Exploring the Art of Talent Optimisation

If the people you hire quickly slide from the ‘good idea’ option towards the ‘bad idea’ end of the spectrum, then you may be referring to a success profile that is too specific and not broad enough to take in the whole picture. Alternatively, your company could be focusing too much on present skills. Rather, try to hire competent people with hidden potential who can improve their abilities in the long term.

The first step in talent optimisation is to know what you need.

  • What skills does your company need from its people to be successful in the short term?
  • And what about the talent it needs for long-term growth?
  • Who will you ask to help you further define the talent you need?
  • And when will you do this?

SUCCESSION PLANNING

Sometimes we dwell in the shadows of those we perceive as being more gifted than us. Inevitably we will end up comparing ourselves to others at some point since everyone has varying strengths and weaknesses. But regardless of how much more skilled others may be than us in certain areas, it is good to remember that everyone is born with certain talents that they can contribute in different ways.

Top managers often owe their success not purely to their own abilities and efforts, but to the achievements of the team members they surround themselves with. They can recognise the strengths of others, and not worry about being outshone. They play to these talents and groom others to succeed for the good of the whole rather than being focused only on their ego-driven concerns.

So feel your anxieties and channel them positively into nurturing rather than negating the unique capabilities of others. Employ those with diverse talents, and study how they conduct themselves. Then use this information to expand on your capabilities.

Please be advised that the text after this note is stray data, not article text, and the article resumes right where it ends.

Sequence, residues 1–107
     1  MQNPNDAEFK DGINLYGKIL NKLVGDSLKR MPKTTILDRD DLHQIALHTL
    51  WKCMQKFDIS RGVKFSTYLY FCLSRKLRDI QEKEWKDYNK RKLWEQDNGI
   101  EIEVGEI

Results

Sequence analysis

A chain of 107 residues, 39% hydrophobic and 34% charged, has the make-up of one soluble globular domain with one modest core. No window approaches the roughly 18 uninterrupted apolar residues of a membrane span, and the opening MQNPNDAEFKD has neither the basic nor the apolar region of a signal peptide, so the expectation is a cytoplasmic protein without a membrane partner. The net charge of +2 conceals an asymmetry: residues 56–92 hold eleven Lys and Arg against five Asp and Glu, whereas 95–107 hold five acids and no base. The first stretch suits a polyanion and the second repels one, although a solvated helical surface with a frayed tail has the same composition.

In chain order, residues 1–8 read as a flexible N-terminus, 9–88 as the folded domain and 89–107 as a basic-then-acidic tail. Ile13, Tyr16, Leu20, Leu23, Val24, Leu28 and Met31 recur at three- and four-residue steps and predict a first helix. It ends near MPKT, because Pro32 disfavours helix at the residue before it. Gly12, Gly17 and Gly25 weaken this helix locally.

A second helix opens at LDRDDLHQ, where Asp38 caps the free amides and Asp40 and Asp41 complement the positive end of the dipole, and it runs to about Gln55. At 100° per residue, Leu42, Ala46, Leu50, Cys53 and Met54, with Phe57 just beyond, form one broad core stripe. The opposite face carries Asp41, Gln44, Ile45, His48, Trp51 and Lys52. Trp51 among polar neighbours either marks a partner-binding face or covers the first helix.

Another aspect of talent optimisation relates to succession planning.

  • Who on your team has the ability to take over from you, either now or with a bit more training?
  • Do you have a plan to replace yourself if need be? If not, when will you create one?
  • And what will you do to start training your staff to take on more senior roles?

MAKING A CHOICE

Be careful of the following two errors frequently made during the recruiting and employment process:

  • Rushing the process and choosing a partially suitable applicant rather than waiting for someone better
  • Waiting too long to find the ideal person and missing out on someone perfectly suitable

Sometimes it pays off to wait for the ‘right’ person for the job. 

Do not just jump at the first (or most obvious) person who comes along. But at the same time, don’t be so fussy about finding a candidate that you miss some gems along the way. Know what you want and use strong decision making to get what you need.

Take a minute to consider your choices.

  • Have you ever hired someone too quickly and regretted it? What happened?
  • And have you ever taken too much time in reaching a staffing decision and missed out? Why do you think you did this?
  • The next time you have to hire, what steps will you take to avoid these two pitfalls?

LEARN HOW TO INTERVIEW

Be sure of the people you hire. Learn to assess them accurately based on résumés, recommendation letters and evaluations to avoid nasty surprises after the initial interview process. Of course, there are those candidates who manage to slip through interviews, even though they may not be suitably qualified for a position.

Remember then: the interview is a crucial aspect in the selection of the best candidate for a job, and it has established best practices. So in trying to find the right person to employ, there are several techniques you can use.

For example, ask for input on potential employees from other interviewers using standard competency rating scales. Also, brush up on your interviewing skills by reading material on the topic; taking an instructional course (try to find one with video aids); or by sitting in on other managers’ interviews. The latter will help you hone your observation as well as listening abilities, and tune your senses into the possible talents and shortcomings of interviewees.

  • Would you rate your interview skills as good, bad or somewhere in-between? What makes you say this?
  • What value would you add to your company if you could drastically improve your interview skills?
  • And if you had to do just one thing to improve your interviewing skills, what would it be?

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